Banking reforms are definitely needed, but they have to be driven by recommendations that people who are thoroughly conversant with the sector, make
The idea of inclusion, otherwise a ‘progressive hypothesis', has been sadly confused with ‘technical overplay' by the Reserve Bank of India and the Union Ministry of Finance. The most sightable case is Aadhar that lays too much emphasis on technical procedures and the opening of a maximum number of bank accounts. But merely having a bank account does not make someone genuinely aligned with formal banking.
Financial inclusion is a broader aim, and its ambit is far too wide to be limited to symbolic gestures. The incentive-based system, especially in private sector, has rather ensured the low effect of recently channelised banking access. In such a backdrop, Mr Nachiket Mor-headed Committee on Comprehensive Financial Services for Small Businesses and Low Income Households, makes the chance of financial sector reform even more distant.
The sharp corporate edge is visible in the recommendations of this committee — as it was expected of RBI Governor Raghuram Rajan. Quite naturally then, Mr Mor has seen the real solution of financial inclusion in covering each and every Indian with a bank account in next 24 months.
It is not that all initiatives taken by the RBI in the past had failed. Some did really well in increasing the delivery of institutional credit and relationship-based banking with the masses. In the first four decades after India's independence (1951-1991), the reach to institution credit went up from 7.2% to 64 per cent but to fail again at level 57 per cent with the opening of economy that year. Also money lenders have largely stayed on in the post-reform era, with some statistical differences.
They kill business with spirits of ‘wayward innovation' and walk easy step in this jubilant phase, when lobby rules the whole course. Mr Mor has missed an opportunity to re-define the utility of micro-lending. Instead, he committed blunder by underestimating the contribution of regional rural banks and cooperative societies. Probably out of focus, he couldn't check the past and present of RRBs, which are serving the rural segments, and solemnising the real intent of financial inclusion.
The RBI has played stringent with the branch affairs at banks. It is hardly a revelation, though the committee presented both malady and cure as something in fledgling state. Even before the birth of this committee, Mr D Subbarao, the former RBI Governor, had taken some crucial steps which, although not in the limelight, have done well in relaxing certain norms of banking.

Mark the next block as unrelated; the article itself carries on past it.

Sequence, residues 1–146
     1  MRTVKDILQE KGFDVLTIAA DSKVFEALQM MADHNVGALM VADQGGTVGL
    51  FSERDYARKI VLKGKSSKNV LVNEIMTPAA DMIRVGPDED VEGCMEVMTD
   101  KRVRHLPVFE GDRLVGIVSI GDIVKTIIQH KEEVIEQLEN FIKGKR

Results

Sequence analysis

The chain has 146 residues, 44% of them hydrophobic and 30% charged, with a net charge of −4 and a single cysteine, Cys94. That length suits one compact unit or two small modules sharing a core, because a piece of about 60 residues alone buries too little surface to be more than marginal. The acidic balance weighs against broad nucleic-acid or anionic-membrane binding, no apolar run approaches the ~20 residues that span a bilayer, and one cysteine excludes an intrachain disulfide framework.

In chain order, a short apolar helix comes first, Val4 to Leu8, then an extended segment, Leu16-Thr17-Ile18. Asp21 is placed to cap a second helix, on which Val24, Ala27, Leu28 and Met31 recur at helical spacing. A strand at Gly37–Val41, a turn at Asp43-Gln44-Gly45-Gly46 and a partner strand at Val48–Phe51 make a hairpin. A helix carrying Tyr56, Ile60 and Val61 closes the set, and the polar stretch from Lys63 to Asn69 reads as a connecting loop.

In the ambit of financial inclusion, the basic rights should begin with making banking simple and accessible to all. Moreover, the services offered should be diversified and not restricted to offering a bank account, and stay satisfied. The overtures with people have to be at fast pace and fine carved out — disconnect with people or potential client makes the equilibrium of ‘good intent and business', impossible to achieve.
While opening another round of bank licensing, Mr Rajan has a fair opportunity to circulate in the vein of new entrants, sustainable determination to go ahead for achieving genuine financial inclusion. A lot would depend on how the RBI will deal with the aspiring banks and those existing ones.
A great deal has to be achieved in the months ahead, but mostly without any support from Mr Mor's recommendations. The RBI will realise this sooner than later. Next time, hopefully, it will include some bankers who have worked across this wonderland. India is a complex set of systems and our corporate lieutenants need to sharpen their knowledge and intuitions thoroughly, if they have to remain relevant in the changing environment.
-Atul K Thakur
(Published in The Pioneer,on January21,2014)